Convention votes narrowly to divest from companies it says profit from Israel's control of Palestinian territories.
The Presbyterian Church’s decision Friday to divest from three American businesses that operate in the West Bank will likely strengthen international sanctions efforts against Israel, and will weaken interfaith ties between the Jewish and Presbyterian communities, Jewish leaders said this week.
When will we learn that no one group or ideology owns 'love of Israel?'
Rabbi Gerald C. Skolnik
Jewish Week Online Columnist
As the June 1 Israel Parade draws closer, some organizations are threatening not to march. They are protesting the decision of parade sponsors to allow organizations like the New Israel Fund– a favorite target of the right wing of the Zionist movement– to be included in the parade, because of its alleged sympathy for the BDS strategy (boycott, divestment and sanction) designed to modify Israel’s position on settlements in the West Bank. The NIF steadfastly denies supporting BDS. They (the more right-wing organizations) feel that the NIF and its friends should have no place at the Zionist table, or at a parade that salutes Israel. And as long as they do, these more right-wing organizations won’t march.
There is an old saying that generals prepare to fight the last war. Those of us engaged in defense against the assault on Israel’s legitimacy cannot afford to fall into this trap. We must accurately assess the evolving strategies and tactics employed by anti-Israel activists who seek to portray the Jewish state as a rogue nation, the 21st-century equivalent of apartheid South Africa, often urging the use of BDS (boycotts, divestment and sanctions) as punishment for Israel’s misdeeds.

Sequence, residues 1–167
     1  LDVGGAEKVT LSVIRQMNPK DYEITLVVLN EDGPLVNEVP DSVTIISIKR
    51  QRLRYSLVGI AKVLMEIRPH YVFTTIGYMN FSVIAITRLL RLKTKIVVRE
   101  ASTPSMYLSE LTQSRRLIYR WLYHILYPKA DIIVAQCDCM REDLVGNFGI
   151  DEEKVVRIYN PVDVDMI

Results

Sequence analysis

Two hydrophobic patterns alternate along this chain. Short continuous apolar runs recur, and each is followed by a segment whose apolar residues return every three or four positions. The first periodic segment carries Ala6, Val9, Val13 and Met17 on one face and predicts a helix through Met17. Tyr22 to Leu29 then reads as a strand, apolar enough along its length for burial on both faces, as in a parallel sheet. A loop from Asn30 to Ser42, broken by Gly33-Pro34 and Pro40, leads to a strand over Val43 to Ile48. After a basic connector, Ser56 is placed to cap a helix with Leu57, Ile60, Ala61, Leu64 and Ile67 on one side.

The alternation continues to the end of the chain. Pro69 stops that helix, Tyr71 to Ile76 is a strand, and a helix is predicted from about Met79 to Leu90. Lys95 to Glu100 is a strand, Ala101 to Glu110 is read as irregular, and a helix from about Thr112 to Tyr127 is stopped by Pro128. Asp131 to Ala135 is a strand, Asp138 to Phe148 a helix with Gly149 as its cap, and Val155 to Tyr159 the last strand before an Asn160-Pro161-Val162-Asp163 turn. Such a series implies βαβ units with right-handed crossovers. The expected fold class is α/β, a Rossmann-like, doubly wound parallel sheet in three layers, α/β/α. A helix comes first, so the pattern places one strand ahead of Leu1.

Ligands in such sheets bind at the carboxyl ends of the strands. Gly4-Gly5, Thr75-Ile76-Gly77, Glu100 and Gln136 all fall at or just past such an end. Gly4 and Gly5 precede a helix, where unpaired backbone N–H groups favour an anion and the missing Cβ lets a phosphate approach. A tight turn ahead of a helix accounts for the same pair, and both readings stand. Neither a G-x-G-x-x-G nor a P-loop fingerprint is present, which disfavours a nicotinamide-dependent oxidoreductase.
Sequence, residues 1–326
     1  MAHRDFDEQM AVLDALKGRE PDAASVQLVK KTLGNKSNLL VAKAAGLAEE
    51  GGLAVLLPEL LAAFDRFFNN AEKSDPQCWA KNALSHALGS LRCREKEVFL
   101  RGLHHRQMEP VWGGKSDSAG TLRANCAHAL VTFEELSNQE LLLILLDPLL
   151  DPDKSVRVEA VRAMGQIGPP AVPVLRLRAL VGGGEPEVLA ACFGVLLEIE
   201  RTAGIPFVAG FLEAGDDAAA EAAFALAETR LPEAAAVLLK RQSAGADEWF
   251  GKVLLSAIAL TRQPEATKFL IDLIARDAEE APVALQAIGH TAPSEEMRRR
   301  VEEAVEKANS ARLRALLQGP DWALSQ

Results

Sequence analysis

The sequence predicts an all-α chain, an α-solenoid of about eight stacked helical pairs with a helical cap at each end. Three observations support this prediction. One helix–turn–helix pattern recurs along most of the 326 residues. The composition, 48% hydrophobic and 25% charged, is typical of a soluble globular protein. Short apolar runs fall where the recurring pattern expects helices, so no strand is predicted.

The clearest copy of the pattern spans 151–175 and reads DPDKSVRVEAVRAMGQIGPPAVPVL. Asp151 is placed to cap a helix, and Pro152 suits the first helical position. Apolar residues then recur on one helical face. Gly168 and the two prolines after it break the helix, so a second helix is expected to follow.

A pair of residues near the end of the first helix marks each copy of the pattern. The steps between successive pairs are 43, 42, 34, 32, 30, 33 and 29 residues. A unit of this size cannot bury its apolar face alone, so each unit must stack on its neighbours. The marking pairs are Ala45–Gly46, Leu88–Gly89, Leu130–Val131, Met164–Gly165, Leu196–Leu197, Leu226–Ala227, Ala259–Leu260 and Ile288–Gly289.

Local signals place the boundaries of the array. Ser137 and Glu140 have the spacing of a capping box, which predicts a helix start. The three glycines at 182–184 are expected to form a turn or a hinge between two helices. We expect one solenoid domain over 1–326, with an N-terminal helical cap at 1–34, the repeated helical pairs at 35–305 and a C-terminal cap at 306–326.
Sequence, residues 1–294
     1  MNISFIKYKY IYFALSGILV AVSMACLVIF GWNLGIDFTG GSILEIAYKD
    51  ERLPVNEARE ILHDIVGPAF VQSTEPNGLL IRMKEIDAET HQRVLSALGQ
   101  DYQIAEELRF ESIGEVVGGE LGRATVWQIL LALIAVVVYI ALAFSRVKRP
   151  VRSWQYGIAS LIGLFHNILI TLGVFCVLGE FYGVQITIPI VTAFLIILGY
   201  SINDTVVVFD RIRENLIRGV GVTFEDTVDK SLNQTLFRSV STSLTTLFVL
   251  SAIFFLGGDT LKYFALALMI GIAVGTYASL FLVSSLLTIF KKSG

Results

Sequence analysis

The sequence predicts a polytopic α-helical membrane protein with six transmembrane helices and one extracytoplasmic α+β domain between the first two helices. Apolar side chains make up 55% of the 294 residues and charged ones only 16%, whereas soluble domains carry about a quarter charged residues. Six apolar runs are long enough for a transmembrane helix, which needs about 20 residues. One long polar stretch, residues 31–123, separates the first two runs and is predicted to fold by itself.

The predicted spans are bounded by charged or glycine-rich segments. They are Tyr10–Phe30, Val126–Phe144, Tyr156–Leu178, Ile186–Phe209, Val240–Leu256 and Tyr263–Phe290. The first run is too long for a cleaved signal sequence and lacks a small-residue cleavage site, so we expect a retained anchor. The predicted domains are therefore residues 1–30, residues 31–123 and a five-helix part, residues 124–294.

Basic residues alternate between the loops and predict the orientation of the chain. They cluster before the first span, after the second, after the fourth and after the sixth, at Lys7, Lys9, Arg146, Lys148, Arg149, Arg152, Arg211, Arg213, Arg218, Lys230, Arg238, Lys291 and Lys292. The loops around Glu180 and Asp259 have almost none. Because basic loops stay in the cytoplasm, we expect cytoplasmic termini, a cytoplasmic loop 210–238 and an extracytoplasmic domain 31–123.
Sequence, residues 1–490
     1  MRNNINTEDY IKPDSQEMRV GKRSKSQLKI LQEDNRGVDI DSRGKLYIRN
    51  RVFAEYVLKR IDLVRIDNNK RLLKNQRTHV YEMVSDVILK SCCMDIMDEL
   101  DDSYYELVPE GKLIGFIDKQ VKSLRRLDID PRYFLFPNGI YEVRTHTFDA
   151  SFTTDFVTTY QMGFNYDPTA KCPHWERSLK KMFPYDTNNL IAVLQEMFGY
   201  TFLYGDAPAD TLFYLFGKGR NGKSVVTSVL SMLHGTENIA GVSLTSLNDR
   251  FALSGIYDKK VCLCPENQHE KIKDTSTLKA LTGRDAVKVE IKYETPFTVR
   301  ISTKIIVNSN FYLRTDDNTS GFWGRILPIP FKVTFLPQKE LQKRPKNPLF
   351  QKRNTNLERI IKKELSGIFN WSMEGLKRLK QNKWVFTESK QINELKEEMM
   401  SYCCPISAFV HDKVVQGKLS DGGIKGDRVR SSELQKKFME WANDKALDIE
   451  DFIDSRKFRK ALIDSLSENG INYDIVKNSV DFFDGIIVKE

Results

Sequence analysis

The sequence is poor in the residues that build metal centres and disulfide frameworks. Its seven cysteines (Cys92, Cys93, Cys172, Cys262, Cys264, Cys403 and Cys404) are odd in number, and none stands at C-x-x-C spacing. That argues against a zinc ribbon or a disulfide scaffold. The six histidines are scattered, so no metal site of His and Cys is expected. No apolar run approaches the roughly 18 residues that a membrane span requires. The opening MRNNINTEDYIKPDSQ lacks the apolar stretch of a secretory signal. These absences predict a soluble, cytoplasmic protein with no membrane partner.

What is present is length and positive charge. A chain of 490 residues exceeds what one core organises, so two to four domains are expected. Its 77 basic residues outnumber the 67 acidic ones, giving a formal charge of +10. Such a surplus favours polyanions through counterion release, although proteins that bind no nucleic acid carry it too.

The culture wars in Israel these days makes you pine for the ones we had here, in the States, some 15 years ago. In America, it all seemed like grand theater--Giuliani, for instance, catering to hard-core Christians aghast at a painting of the Virgin Mary covered in feces. But in Israel the state has a far stronger hand in culture. So when the current Likud Culture Minister, Limor Livnat, threatened to withhold money to artists who refused to perform in the Ariel performing center, in the occupied West Bank, it meant something.
Officials of TIAA-CREF, which manages pension funds for teachers and other non-profit employees, rejected demands from activists Tuesday that they no longer invest in companies that profit from the Israeli "occupation" of the West Bank.
At its annual shareholders’ meeting in Charlotte, N.C., CEO Roger Ferguson said the company had considered the request of the activists, which included some shareholders, and did not believe it would achieve the protestors’ goal.